In an expansion of its Customer Communications Management (CCM) portfolio, Pitney Bowes has introduced the Volly secure digital delivery service, a cloud-based digital mail communications platform designed to help consumers receive, view, organize and manage bills, statements, direct marketing, catalogs, coupons and other content from multiple providers using a single application.
According to Stamford, Conn.-based Pitney Bowes, the Volly digital delivery service "will provide a secure, electronic means of communication and help organizations realize significant cost savings, while ultimately empowering consumers with an opt-in, spam-free experience to help organize and manage their lives." The service will be made available to consumers in the second half of 2011.
The benefits to mailers such as banks will include the ability to integrate the Volly service with their existing physical mail delivery processes, and the potential to reduce operating expenditures, as well as initiating or expanding electronic relationships with their customers, Pitney Bowes says.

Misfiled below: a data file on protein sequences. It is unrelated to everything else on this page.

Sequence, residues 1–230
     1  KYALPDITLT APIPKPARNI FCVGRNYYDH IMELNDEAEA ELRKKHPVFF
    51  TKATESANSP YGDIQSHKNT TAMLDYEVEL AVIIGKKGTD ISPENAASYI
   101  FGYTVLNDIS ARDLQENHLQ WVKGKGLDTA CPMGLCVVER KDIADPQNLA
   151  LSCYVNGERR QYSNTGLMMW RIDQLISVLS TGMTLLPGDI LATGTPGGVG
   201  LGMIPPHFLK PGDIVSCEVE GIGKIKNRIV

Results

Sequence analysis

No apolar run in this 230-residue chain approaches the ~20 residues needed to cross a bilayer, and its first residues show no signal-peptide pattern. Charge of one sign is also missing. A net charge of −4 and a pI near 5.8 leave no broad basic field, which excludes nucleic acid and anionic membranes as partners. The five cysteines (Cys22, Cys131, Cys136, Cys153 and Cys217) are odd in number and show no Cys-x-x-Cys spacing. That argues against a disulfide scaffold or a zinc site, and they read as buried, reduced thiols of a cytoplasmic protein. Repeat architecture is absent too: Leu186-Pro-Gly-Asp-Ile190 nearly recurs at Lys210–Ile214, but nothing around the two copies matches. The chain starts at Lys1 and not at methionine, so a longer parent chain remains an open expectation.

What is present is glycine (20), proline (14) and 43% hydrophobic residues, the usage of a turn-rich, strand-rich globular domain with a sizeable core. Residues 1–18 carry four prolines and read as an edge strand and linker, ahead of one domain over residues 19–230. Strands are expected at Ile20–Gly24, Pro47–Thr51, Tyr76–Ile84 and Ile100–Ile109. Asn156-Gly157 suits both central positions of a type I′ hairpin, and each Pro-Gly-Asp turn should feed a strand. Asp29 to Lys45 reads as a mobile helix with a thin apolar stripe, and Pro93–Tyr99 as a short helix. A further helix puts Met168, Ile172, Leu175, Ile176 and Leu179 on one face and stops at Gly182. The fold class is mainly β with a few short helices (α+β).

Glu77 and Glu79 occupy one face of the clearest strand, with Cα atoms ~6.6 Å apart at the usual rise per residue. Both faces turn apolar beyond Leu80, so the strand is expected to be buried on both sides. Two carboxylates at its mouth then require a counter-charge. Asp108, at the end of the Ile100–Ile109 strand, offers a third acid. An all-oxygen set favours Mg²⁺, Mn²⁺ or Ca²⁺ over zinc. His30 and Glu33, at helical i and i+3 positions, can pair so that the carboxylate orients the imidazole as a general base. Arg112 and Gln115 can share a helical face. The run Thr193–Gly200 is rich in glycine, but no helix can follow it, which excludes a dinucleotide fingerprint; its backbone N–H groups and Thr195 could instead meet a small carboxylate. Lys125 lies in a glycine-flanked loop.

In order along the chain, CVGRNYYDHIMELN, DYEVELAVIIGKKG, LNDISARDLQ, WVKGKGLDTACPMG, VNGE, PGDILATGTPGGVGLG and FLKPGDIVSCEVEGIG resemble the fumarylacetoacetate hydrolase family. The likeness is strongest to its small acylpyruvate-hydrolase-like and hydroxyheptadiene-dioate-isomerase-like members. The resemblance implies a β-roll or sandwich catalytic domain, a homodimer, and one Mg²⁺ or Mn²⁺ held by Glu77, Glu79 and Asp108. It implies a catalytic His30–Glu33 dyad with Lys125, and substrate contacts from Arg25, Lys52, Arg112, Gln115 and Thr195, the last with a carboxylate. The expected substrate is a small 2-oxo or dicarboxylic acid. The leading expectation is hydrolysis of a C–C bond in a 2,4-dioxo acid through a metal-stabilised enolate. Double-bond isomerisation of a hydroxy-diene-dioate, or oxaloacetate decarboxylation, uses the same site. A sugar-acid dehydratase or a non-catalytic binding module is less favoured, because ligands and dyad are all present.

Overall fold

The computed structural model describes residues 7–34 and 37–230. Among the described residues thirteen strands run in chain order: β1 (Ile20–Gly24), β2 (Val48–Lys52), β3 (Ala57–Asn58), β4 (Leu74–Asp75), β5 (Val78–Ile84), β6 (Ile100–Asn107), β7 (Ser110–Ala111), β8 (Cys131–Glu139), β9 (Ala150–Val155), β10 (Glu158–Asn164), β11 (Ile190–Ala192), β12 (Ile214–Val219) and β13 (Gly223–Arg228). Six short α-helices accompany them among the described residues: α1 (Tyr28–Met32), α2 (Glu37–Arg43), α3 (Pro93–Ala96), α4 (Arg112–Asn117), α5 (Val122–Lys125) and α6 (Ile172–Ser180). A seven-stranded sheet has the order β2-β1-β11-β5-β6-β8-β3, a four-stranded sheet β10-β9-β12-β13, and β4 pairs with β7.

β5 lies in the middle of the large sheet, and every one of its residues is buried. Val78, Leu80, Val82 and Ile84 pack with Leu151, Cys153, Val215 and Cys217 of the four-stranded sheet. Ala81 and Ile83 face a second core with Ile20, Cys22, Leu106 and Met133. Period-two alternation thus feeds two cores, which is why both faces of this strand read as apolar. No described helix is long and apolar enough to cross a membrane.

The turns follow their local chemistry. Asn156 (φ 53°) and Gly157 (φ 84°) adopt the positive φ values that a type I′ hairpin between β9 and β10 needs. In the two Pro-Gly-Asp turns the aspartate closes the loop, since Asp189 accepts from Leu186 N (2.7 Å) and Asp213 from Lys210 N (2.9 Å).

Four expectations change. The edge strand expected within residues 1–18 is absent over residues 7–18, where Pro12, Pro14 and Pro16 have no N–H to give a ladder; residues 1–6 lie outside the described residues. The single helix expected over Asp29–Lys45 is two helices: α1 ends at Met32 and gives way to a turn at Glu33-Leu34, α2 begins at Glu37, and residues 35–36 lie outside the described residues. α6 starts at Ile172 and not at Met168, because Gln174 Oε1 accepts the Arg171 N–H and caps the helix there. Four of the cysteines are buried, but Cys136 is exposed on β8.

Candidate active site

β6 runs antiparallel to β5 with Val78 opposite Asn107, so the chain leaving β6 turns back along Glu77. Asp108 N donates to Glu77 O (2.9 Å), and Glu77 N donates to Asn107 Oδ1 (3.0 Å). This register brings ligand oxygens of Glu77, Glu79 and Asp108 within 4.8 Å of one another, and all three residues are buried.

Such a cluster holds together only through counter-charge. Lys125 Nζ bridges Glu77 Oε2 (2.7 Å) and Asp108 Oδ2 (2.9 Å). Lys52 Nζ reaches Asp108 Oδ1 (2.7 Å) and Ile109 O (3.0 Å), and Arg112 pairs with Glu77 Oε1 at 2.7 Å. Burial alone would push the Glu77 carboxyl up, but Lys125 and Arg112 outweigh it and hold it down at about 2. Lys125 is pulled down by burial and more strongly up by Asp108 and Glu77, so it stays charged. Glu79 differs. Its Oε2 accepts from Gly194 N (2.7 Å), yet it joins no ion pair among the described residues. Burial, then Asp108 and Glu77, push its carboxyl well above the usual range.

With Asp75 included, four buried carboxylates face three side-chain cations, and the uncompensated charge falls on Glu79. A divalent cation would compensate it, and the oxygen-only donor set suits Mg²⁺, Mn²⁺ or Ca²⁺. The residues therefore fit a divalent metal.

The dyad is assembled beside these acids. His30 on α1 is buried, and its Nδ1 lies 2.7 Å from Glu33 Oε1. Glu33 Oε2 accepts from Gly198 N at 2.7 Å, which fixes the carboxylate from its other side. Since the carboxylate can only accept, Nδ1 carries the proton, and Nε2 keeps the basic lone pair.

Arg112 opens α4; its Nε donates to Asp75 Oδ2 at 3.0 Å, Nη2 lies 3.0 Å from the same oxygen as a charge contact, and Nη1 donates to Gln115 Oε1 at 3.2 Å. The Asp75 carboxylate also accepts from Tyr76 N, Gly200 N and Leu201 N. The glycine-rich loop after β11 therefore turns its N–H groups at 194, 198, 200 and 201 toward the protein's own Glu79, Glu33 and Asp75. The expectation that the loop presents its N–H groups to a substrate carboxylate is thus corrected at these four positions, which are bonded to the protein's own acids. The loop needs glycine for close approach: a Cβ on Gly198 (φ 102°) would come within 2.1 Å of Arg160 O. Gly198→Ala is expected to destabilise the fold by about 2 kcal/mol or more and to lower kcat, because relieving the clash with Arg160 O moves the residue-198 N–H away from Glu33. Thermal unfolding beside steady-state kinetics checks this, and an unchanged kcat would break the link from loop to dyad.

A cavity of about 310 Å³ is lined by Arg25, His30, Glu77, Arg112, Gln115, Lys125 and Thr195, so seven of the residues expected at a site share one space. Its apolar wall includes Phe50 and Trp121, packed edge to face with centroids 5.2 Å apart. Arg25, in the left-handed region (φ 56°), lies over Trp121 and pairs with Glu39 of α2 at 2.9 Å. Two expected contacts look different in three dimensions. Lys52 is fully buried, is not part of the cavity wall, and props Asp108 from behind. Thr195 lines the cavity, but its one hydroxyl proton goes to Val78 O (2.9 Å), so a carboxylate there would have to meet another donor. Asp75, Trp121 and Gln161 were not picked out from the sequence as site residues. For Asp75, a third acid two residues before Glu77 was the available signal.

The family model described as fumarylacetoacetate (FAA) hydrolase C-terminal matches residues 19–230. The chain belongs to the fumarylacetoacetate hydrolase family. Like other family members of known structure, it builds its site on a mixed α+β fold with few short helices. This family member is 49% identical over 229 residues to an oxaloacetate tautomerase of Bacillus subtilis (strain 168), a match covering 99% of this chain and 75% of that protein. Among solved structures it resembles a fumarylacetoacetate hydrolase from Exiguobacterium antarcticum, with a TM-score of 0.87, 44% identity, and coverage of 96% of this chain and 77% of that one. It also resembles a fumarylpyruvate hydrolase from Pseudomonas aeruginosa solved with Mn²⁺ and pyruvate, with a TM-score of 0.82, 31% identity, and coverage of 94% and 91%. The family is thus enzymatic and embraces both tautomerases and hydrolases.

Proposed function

At the Volly launch in New York City last week, Pitney Bowes' chairman, president and CEO Murray Martin itemized the benefits to consumers of the digital service, including the ability "to see all bills and statements in one location; one-click payment by checking account and credit card; [it is] enabled for mobile devices; [they] can get mail anywhere, anytime on the device of their choice; [it is] highly secure."
Martin emphasized that while Volly is a new step for Pitney Bowes in terms of being a consumer-targeted service, it also addresses the needs of banks and other mailers. "It will be easy to integrate into existing mail systems, and offers phenomenal security to mailers," he said, adding that a number of corporate customers will use Volly in beta tests in the coming months. Pitney Bowes' Bernie Gracy, VP of strategy and new business development, described the "concept of a mutually managed experience -- consumers have control but mailers aren't disintermediated."